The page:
drug shortages

fda.gov

Drug shortages are a problem for almost every hospital system, and executives say that problem will continue over the next few years. That's according to a national survey released today by Premier, a Charlotte-based consulting firm. 

Michael Tomsic

Last spring we reported on a serious problem in hospitals – shortages of critical drugs, including chemotherapy treatments, anesthetics and even basic vitamins. This week Congress passed a bill that could make it easier for hospitals to get drugs they can't find anywhere else. But there are also risks that come with this particular solution. 

Michael Tomsic

Now, a follow-up on a series we aired earlier this year on drug shortages in hospitals. We called it Critical Supply, and we found that compounding pharmacies help hospitals fill the gap with some chemotherapy treatments, emergency crash-cart injections and even basic vitamins that go in IV fluids.

Nine of 10 cancer doctors nationwide have had to delay or change chemotherapy treatments because of drug shortages. That's according to a study released last week, and it's another example of how shortages affect patients.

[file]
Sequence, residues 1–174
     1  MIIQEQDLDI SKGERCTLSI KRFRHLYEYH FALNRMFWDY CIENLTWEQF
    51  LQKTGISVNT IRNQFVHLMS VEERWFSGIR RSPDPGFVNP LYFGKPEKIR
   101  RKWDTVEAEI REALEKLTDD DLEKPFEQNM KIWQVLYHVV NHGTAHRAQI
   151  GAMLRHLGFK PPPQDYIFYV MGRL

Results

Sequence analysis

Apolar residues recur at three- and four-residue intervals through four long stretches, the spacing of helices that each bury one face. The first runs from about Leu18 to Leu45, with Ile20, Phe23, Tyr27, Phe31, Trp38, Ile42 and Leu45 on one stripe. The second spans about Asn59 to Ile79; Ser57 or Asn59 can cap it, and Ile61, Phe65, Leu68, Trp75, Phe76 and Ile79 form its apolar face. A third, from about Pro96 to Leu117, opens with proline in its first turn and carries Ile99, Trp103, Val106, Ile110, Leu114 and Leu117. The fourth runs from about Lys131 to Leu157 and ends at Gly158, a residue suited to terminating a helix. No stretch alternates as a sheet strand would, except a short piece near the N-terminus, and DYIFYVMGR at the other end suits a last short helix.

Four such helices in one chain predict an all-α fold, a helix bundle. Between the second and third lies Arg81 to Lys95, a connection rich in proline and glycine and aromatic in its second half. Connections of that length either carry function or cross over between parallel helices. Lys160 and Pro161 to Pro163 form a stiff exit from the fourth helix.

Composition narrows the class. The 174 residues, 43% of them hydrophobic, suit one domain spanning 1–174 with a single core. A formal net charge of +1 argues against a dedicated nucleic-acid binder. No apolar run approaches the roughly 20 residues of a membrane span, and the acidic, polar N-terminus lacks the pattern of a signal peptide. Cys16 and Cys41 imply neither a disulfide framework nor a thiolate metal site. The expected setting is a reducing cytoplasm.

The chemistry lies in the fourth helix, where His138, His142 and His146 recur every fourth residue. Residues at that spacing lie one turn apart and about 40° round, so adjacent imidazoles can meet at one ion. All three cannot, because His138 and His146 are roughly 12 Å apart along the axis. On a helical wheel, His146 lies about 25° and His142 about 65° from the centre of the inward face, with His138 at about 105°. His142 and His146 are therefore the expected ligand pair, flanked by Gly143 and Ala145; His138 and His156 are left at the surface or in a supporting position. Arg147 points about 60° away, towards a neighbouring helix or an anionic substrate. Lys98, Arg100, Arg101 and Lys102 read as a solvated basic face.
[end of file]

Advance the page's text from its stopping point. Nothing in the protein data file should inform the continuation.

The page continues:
Michael Tomsic

This week we're examining what one pharmacist calls the new normal for hospitals. In the Carolinas and across the country, hospitals are barely maintaining supplies of a wide variety of drugs - some basic, many life-saving. 

Michael Tomsic

This week we're reporting on a serious problem in health care. Hospitals are almost running out of a wide variety of critical drugs, including chemotherapy treatments, anesthetics, and even basic vitamins. There are hundreds of shortages, and hospital pharmacists and doctors say that's making it more difficult to care for patients.

Michael Tomsic

Around this time last year, many hospitals across the country almost ran out of two life-saving cancer drugs. They scraped by with the help of emergency shipments from overseas.

The availability of those two drugs has improved. But they're still in short supply, as are hundreds of others. They include first-choice chemotherapy treatments and anesthetics that are essential for surgery. It's the new normal, as one hospital pharmacist told us.

This week, WFAE's Michael Tomsic examines the problem in our series Critical Supply. Here's the first of his three reports.